Luxury brands continue to woo Gulf consumers, despite crisis

May 25th, 2009 - 9:25 am ICT by IANS  

By Nehal el-Sherif
Doha, May 25 (DPA) Doha taxi drivers know when someone asks to be dropped at the City Centre mall in the Qatari capital, they’ve got some serious money to spend.

It happens all the time. With a population of just 1.5 million, as well as massive gas and oil reserves, Qatar has the highest GDP per person in the world, according to the International Monetary Fund.

The City Centre mall is one of several in the Qatari capital where those with cash in hand can go to find glittering things that would not be out of place on the Paris Champs Elysees.

“Ten years ago, Doha had only one mall, and one five-star hotel. There was not much to do there,” says an Egyptian doctor, who lived in Qatar in the late 90s.

“Now, as the country grows, more towers are rising and more international names seek to be part of that growth,” said the mother of two, who gave her name only as Samah.

Since the beginning of the decade many major brands have eyed the Gulf as a potential for expanding their businesses in the region. The high living standards in the oil-rich region remain the main attraction even amid the world financial crisis.

Qatar’s robust growth in 2008, some 18 percent, has made it a new retail hotspot.

Although the financial crisis is affecting sales of luxury brands in the mature markets, with the group owning Louis Vuitton and Moet Chandon for instance reporting less-than-effervescent quarterly sales in April, luxury outlets are still opening up all around the Gulf.

In February, Gucci, one of the world’s leading luxury brands, opened another branch in one of Qatar’s huge malls, five years after it launched its first branch in one of the country’s five-star hotels.

Louis Vuitton opened its first store in Doha’s Villagio Mall in mid-2008. The handbag vendor plans to open branches in Bahrain and Dubai by the end of 2009.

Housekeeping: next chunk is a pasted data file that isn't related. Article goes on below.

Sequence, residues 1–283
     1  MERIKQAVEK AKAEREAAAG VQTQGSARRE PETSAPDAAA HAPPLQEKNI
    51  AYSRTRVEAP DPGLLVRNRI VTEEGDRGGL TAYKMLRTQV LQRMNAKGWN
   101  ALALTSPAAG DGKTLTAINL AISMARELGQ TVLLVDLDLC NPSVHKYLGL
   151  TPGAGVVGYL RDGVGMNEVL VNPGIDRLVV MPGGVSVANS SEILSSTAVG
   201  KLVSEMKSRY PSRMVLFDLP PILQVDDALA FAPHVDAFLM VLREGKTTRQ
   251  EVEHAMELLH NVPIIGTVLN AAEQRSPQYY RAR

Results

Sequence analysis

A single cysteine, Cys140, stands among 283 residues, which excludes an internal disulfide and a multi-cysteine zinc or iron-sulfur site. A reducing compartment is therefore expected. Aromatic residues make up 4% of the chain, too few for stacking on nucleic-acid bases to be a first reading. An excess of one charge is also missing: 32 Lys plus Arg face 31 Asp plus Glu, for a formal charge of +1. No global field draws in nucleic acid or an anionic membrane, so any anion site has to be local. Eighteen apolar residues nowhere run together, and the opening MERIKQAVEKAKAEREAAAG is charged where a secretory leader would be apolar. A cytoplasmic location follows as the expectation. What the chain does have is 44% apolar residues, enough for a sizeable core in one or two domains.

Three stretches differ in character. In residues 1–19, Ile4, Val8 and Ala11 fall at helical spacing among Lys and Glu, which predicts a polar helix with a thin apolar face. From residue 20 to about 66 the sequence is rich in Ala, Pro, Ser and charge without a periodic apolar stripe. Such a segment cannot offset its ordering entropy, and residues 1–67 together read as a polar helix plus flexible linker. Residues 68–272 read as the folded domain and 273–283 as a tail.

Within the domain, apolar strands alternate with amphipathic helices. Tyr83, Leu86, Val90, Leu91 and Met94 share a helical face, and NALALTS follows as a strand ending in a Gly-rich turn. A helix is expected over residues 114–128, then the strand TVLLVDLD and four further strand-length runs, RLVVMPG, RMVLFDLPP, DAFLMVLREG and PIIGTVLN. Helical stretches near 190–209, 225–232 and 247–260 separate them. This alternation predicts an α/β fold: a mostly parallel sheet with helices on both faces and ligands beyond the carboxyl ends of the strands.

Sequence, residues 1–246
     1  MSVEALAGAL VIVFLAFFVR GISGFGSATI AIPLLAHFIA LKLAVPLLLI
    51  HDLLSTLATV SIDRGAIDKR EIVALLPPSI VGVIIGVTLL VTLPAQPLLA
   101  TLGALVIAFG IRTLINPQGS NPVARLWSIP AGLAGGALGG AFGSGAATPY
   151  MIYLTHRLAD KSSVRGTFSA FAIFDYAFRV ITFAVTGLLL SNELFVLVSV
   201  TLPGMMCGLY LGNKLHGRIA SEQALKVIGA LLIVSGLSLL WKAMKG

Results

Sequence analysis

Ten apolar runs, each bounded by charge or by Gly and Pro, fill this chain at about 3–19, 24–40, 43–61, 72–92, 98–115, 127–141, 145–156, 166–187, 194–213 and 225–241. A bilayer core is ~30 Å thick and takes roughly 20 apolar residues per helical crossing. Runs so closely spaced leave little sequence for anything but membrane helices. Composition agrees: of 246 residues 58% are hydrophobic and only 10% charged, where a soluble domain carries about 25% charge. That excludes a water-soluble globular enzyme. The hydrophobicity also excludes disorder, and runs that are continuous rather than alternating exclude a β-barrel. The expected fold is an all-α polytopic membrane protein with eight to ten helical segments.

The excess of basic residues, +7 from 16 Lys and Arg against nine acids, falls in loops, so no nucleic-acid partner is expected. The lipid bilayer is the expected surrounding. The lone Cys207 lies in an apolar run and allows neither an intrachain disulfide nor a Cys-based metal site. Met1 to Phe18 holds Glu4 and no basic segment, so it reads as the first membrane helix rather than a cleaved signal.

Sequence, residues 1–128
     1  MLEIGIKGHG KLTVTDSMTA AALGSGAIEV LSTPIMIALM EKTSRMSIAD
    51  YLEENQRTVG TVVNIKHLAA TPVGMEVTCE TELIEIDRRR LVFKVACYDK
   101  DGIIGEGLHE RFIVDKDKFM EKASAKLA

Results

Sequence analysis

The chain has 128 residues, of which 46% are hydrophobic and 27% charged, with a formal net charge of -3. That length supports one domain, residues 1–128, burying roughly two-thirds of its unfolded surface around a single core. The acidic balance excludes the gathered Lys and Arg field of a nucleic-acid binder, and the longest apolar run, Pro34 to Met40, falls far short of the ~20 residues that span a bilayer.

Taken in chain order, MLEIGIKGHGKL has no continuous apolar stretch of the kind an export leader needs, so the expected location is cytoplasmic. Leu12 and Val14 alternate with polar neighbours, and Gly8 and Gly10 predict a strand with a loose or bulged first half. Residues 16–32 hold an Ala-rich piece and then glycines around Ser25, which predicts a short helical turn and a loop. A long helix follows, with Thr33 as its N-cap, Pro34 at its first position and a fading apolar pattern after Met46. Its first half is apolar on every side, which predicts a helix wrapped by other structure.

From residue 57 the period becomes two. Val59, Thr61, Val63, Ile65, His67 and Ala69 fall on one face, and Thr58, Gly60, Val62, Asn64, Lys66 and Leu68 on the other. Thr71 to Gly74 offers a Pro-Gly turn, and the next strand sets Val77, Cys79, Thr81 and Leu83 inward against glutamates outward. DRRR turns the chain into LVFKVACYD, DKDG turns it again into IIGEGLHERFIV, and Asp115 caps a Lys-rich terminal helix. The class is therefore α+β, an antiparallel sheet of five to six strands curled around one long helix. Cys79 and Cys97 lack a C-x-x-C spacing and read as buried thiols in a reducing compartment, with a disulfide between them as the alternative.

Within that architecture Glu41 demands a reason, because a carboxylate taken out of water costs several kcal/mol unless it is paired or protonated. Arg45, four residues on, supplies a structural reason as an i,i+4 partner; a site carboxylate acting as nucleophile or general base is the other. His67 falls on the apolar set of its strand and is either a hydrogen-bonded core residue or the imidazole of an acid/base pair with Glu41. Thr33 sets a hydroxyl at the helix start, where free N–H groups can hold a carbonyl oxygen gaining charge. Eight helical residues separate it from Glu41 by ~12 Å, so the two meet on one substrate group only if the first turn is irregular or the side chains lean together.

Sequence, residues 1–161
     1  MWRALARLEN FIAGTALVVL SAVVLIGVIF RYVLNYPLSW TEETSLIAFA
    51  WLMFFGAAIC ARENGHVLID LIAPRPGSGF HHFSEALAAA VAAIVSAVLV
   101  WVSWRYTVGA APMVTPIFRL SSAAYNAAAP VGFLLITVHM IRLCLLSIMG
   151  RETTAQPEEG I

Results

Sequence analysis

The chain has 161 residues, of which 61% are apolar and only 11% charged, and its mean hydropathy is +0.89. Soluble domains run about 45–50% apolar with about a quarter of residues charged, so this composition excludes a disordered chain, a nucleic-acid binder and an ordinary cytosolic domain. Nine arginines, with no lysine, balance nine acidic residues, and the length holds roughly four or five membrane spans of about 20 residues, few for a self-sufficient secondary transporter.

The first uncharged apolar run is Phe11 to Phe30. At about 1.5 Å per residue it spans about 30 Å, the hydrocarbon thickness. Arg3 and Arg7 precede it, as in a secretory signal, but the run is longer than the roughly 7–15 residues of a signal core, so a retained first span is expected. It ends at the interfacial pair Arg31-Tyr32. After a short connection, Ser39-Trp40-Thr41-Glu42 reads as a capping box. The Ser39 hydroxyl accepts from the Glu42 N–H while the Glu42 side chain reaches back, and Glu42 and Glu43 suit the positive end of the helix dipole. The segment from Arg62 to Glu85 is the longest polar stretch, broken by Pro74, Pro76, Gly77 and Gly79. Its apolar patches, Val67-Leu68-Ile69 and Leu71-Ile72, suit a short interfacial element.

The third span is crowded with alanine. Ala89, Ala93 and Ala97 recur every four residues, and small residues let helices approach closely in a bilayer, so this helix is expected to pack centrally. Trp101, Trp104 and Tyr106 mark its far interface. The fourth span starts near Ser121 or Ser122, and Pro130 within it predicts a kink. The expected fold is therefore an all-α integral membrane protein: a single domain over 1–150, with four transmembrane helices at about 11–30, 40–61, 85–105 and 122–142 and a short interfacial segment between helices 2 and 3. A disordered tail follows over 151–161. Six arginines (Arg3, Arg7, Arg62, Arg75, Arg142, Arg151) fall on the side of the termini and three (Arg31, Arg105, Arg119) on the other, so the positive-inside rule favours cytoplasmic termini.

It is not only clothing brands that compete for a place in the GCC region. After the success of the Dubai branch of Christie’s auction house, its main rival Sothebys inaugurated its Middle East office in Doha last March.

Christie’s Dubai, which was opened in 2006, has seen huge success, especially in the Arab and Iranian section. Several works achieved the $1 million hammer price or above, to the extent that it has been as a catalyst in the development of the contemporary art market in the Middle East in many references.

At April’s Christie’s art auction in Dubai, little evidence was felt of the credit crunch that’s been gripping the world since last year, as sales totalled around $4.76 million. In 2007, Christie’s managed $53 million in sales in Dubai.

“Now, everything is here. People do not have to go to Europe or the States to find any kind of luxury item they want,” says Alexandra, a 30-year-old American living in the UAE with her husband.

Although the IMF has lowered its estimates for the growth rate in the GCC countries from 6.4 percent in 2008 to 1.3 percent for 2009, this positive growth remains alluring for businesses that are facing sharply negative territory in other parts in the world.

The crisis is also expected to help decrease the rising inflation that plagued GCC economies during the past few years, pulling it down from 10.6 percent last year to 6.3 percent this year.

“Even if some people are hit by the crisis, there are still many people here who can afford to buy luxury products. Yet, we try to give them incentives through better offers and discounts,” said Amitabh Balaji, a salesperson at a Doha boutique.

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